Often dog owners complain that my dog does not drink water at all! Some have a problem that their two months old puppy does not even lick the water in the bowl. All such complaints are true. But most of us never try to analyze why doesn’t the dog drink water?
All of us know that a dog is a mammal and a warm blooded animal. Like all other mammals (including us) dogs too need water to survive. Without water to drink we can at best survive for seven days. Likewise dogs too are prone to dehydration and will certainly die if they don’t get water to drink. ‘This is intriguing’, you must be thinking, because your pup or dog doesn’t seem to drink water!
While a mother raises an infant or a toddler she feeds him water from his bottle or a sipper. Baby gets the amount of water required from time to time. Plus unlike dogs, a human baby grows on liquid diet for a longer period. He gets his supply of water from the milk. Poor dog has a shorter span of life and he has to grow faster than a human baby. Thus his diet begins to get solid even by the time he is eight week old. Therefore, a puppy less than eight weeks old may not lap water because he is mostly on a liquid diet (milk). But as the pup reaches around eight weeks and his diet gradually becomes more solid and crunchy he needs water to drink.
Unlike a human baby, a pup reared by the humans is not under constant observation. He is certainly offered water in a bowl, but it may not be fresh water. It may be an hour to even several hours old. Dogs eat or drink after sniffing what is offered to them or what they can manage to get. The stale water in his bowl catches dust and for his extra sensitive nose the smell changes. The puppy refuses to drink such water. The same logic applies for the adult dogs as well.
Such dogs, on the other hand may sneak out and lap water from the toilet, bidet, or from under the sink or even the bucket of water kept in the bath.
But then you might argue that water from some such places can be terribly dirty, why do they lap it eagerly? Yes your observation is absolutely correct. But as said earlier in the matter of what they eat or drink, dogs are guided by the smell. The smell of the water in the loo might be obnoxious to you, but for a carrion eater dog, it is ‘yummy’. Yet another reason for your dog lapping water from unwanted places could be the temperature of water. Domestic dogs get finicky over the temperature of water. Some won’t even sniff at the bowl, unless it contains a few ice cubes, while others would love water at room temperature. Some prefer to lap running water from a tap while others love to drink water straight from the hose pipe.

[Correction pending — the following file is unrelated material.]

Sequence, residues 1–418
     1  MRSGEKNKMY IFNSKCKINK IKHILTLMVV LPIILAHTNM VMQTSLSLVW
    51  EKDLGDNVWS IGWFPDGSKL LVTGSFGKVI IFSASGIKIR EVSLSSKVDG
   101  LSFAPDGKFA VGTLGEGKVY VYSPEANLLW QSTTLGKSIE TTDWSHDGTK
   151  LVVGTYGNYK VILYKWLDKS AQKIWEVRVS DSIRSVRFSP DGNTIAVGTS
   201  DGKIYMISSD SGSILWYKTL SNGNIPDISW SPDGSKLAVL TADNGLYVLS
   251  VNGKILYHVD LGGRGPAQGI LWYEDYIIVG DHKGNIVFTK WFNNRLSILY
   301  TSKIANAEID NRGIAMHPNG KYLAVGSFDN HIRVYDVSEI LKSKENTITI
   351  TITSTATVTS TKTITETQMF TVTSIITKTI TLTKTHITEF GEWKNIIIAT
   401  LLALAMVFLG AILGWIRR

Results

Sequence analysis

However, I am a strong believer and practitioner of the fact that dogs can be taught to do anything. Therefore like many other things I ‘teach’ my dogs to lap water from a particular bowl only. If there are more than one dogs each one laps from his/her own bowl.
But then some people complain that they keep on filling the bowl with fresh water and their dog comes and instead of drinking water he splashes water over his body, wets his paws in the water in his bowl, but he prefers to drink from the bucket only. There are only two ways out for such a situation, either you place a bucket of water for your dog to drink, instead of a conventional bowl, or you teach him to lap from his bowl only, without splashing water.
I have often repeated that dogs are creatures of routine and learn by association of ideas. To make him learn to lap from his bowl only, you have to invest in a bowl with a stand on which the height of the bowl can be adjusted. This has a purpose behind it. Firstly, it saves the dog to bend and reach the ground level to lap-a posture which can ruin the shoulders of your dog. Secondly he never gets tempted to splash that water on him or dip his paws in that.
To begin with after the pup or an adult had a bout of play/walk/exercise, confine him in his Pen. Keep the water bowl outside-out of his reach, but within his sight. He will certainly begin to indicate his need to drink water and naturally he would be panting a lot. Take him to the bowl on a leash, especially if he is an adult or a perky pet. Make him Stay on command (I am afraid you have to read my earlier blogs to learn that, if you are a new reader!) and then make him drink after a count of ten. Once he is finished, praise him a lot and again put him back in his Pen. It is quite likely that he may go for another round of drinking after a few minutes. Repeat the procedure. Within two three repetitions you will notice that your dog learns to lap water properly, without spilling and splashing.
Once you are confident that your pooch has learnt how to drink water properly and that too from his bowl only, you need not confine him after walks or a bout of play. Let him have an easy access to his bowl of fresh water all the time. Keep changing water in his bowl at regular intervals daily.
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